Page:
Council for Museum Anthropology
Volunteered - Oral Presentation Session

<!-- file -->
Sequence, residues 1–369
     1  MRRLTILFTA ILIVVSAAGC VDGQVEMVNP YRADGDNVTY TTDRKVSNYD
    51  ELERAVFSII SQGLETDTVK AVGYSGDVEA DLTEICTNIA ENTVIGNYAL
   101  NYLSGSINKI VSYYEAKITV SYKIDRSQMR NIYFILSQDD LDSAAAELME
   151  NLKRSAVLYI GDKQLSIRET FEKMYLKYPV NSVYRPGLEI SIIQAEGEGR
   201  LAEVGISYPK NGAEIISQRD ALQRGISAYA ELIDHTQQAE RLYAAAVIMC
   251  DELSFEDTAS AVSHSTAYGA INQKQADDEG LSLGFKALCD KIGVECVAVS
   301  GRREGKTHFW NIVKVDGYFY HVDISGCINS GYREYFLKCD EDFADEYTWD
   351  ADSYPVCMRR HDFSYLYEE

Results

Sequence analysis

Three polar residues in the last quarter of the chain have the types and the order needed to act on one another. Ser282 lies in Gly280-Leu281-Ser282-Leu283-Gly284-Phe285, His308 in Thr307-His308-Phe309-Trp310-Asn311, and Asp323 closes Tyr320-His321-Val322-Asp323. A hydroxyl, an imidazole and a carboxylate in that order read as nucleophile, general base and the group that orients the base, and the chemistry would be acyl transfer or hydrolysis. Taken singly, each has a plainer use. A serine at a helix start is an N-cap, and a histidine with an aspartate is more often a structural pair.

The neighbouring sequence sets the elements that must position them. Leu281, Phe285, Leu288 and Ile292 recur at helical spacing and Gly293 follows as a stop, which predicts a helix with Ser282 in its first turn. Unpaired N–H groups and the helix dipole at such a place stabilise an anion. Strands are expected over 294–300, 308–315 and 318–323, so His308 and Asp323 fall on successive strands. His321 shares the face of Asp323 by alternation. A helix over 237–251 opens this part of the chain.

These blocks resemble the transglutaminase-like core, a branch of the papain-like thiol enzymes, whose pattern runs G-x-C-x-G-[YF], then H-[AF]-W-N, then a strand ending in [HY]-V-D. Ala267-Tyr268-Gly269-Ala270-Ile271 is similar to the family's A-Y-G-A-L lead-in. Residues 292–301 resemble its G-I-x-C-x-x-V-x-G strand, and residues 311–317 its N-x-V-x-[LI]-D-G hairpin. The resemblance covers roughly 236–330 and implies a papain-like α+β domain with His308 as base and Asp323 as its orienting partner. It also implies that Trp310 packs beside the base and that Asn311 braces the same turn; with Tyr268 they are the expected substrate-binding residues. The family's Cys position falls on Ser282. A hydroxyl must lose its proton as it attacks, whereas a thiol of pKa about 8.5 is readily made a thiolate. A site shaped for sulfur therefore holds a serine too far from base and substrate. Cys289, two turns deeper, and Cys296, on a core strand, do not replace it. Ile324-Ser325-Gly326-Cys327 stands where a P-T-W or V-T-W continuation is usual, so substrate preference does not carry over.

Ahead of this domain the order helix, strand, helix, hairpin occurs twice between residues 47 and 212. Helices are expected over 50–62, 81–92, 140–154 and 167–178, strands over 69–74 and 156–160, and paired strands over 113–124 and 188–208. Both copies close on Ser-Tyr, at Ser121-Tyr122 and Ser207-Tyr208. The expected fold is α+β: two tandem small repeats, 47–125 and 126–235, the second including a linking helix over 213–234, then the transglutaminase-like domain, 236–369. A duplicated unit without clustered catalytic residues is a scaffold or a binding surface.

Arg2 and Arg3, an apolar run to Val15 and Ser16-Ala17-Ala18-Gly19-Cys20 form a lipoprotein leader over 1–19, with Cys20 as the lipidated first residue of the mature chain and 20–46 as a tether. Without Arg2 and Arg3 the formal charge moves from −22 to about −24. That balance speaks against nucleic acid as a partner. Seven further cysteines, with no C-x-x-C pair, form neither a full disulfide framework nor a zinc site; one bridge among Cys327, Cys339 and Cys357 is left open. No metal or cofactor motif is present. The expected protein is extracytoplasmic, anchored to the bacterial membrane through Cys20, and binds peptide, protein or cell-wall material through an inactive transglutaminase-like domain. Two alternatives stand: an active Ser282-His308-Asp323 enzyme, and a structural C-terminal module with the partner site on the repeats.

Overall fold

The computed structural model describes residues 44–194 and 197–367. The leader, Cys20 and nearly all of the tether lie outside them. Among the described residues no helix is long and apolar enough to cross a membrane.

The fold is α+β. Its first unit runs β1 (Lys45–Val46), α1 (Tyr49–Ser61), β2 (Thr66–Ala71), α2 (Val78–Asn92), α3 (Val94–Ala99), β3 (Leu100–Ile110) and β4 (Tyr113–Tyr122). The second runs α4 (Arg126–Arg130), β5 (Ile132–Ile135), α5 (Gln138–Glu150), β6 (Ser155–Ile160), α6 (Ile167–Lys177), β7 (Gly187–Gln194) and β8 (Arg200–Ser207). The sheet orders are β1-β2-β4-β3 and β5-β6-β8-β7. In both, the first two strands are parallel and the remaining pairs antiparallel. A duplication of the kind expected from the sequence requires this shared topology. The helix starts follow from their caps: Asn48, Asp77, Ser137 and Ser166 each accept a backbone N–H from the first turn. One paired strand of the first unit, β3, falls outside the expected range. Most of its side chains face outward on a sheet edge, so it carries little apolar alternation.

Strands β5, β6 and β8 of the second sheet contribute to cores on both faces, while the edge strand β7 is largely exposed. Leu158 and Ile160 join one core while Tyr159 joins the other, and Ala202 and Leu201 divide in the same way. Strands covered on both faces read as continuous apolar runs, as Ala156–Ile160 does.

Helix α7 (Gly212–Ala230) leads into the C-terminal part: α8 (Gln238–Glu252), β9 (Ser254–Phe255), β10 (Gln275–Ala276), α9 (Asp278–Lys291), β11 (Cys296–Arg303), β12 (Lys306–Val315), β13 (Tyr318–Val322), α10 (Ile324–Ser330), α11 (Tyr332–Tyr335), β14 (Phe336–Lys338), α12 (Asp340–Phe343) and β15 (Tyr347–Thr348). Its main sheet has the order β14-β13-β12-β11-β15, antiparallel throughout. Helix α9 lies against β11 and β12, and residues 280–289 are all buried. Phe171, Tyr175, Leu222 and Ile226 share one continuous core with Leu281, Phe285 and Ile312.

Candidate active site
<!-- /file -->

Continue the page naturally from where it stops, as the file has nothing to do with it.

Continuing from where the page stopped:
Loo Taas, a famous cedar canoe created by Haida artist Bill Reid for Expo 86 in Vancouver, B.C., and paddled home to Haida Gwaii via an ancient trade route, is an object with a fascinating history in itself. However, A little-known fact about Loo Taas is that she had four offspring in the form of fiberglass replicas created in 1987 by Bill Reid and his friend and nautical engineer, Don Martin. Reid jokingly referred to the replica canoes as his “Tupperware fleet”. Although the history of Loo Taas is well known and well documented, very little is known about the vessels that comprise the Tupperware fleet, each of which have gone on to have interesting lives of their own. In this paper I focuses specifically on one of the fiberglass replicas, the Black Eagle canoe, and begin to trace a social life for this vessel paying attention to particular biographical moments in which Black Eagle was constructed as a museum interactive, a priceless piece art, and a symbol of truth and reconciliation. This paper advances a biographical trend in anthropology and museology toward a consideration of replica objects not as representations of the original, but as material expressions in their own right with active social lives and distinct biographies.